For me, this means striving to be more like six-year-old Hailey. I want to be at peace, having faith in a greater belonging. I want to trust that I am part of a larger story, and that no matter how small, my part matters. And I want to be less concerned about finding where I fit in, and more concerned with creating spaces of belonging for the people in my life. In fact, I think shifting that focus is an important first step. For me, it is relatively easy to see how the people in my life fit into a larger story. I do not question their belonging the way I question my own. However, when I attempt to create spaces and situations that help them feel like they belong, I am forced to align myself with them and recognize that I, too, belong.
In case all of that sounds completely vague, let me clarify. Creating spaces of belonging is not some fancy, grand process. It doesn’t mean moving into a house with five people you want to live in community with, or hosting a regular gathering, or anything like that (although it could mean either of those things). When I say creating spaces, I simply mean making everyday choices and cultivating patterns in your relationships that give the other person a safe space and a sense of belonging. Make time for people, remind them that their feelings and struggles are valid, go the extra mile to make them feel loved, be honest with them, reassure them that they matter and belong, allow yourself to be a safe place for someone who may not have one. It sounds really simple, like cheesy friendship advice out of one of those American Girl books I had when I was nine. But treating everyone out of the belief that they are beloved truly does cultivate a greater sense of belonging in both you and them.
So, now, like the good college student I am, I will answer the “so what”? So what? Who needs belonging anyways? Are you saying that I am not an independent individual? Are you saying that I need other people to be happy? Well, in a way, yes. Sure, we are all independent individuals, but we’re also so closely knit that you simply cannot isolate your existence from anyone else’s existence. As humans we share everything. So, you have two choices: you can reject the idea that we all belong and live in a world where some people belong and others don’t (warning: this route leads to war, sadness, oppression and lots of other not-so-fun circumstances) OR you can choose to live into the belief that we all belong (warning: pain is a side effect of caring, so, sadly, there is no easy option). I believe that choosing to live into this belief and align ourselves with a bigger story helps us realize our full potential to create change, beauty and meaningful relationships.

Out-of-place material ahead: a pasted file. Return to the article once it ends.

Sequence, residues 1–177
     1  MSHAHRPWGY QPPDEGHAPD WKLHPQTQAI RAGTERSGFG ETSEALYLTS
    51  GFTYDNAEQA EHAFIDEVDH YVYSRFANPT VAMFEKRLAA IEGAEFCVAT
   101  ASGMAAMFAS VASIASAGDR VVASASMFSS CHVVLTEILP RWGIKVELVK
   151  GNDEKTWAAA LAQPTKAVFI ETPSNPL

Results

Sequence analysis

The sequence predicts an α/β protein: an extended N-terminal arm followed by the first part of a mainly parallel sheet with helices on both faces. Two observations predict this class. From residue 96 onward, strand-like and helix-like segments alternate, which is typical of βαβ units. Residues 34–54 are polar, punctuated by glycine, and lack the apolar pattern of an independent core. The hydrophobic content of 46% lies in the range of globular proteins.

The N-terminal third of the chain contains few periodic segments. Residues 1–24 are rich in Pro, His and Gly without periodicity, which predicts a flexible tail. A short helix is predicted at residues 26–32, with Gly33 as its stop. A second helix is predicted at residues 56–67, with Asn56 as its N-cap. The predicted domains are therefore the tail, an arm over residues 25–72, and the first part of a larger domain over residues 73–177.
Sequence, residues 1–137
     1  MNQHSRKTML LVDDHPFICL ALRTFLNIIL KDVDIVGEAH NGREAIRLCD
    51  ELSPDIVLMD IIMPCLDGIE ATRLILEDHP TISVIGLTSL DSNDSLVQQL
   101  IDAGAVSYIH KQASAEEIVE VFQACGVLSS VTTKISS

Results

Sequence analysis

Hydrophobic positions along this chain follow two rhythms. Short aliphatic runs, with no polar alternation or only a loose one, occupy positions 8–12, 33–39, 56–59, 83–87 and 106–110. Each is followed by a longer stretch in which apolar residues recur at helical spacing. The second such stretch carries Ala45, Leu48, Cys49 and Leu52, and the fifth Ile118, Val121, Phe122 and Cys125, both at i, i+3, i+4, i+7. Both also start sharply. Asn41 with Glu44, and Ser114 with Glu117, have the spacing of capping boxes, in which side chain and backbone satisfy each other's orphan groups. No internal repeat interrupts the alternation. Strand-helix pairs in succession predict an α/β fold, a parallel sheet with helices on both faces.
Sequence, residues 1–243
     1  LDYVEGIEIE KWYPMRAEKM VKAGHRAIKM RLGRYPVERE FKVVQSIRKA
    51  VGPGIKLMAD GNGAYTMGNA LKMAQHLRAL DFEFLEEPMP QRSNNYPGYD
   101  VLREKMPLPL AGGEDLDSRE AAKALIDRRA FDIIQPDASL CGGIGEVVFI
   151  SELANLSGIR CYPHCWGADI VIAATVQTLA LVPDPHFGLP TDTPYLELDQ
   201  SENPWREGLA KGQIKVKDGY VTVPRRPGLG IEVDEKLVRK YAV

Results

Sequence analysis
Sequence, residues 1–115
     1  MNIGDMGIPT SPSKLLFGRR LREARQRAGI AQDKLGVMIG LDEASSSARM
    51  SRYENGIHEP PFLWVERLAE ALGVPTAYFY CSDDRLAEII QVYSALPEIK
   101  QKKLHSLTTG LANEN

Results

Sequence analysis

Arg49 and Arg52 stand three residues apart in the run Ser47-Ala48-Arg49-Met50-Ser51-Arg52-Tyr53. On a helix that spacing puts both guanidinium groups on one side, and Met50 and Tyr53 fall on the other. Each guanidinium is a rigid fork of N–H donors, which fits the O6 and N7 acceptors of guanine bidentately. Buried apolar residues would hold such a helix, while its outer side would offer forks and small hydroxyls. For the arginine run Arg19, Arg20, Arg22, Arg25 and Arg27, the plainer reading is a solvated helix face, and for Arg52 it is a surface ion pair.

Moral of the story: As a person on this planet, you belong just as much as every other person on this planet. You matter to the greater story and don’t need to match any criteria to prove your belonging. We all face times where we do not feel that greater belonging and struggle to accept it. That is okay. (But even when you feel this way you do still belong and there’s nothing you can do about it.) Living into that sense of belonging is what allows us to unlock our full potential and create meaningful relationships. Treat others with the knowledge that they belong just as much as you. And treat yourself with the knowledge that you belong just as much as anyone else.
I realize that I am falling behind in my blogging duties (again!). I just wanted to let you all know that I am working on a post which should be up in the next few days, however I have been very sick this weekend, thus the lack of timely posting.
In the meantime, I wanted to thank you all for viewing and sharing my posts so much in the past few weeks! I am delighted (and surprised) to find that people actually want to read the things that I write, so thank you, thank you, thank you.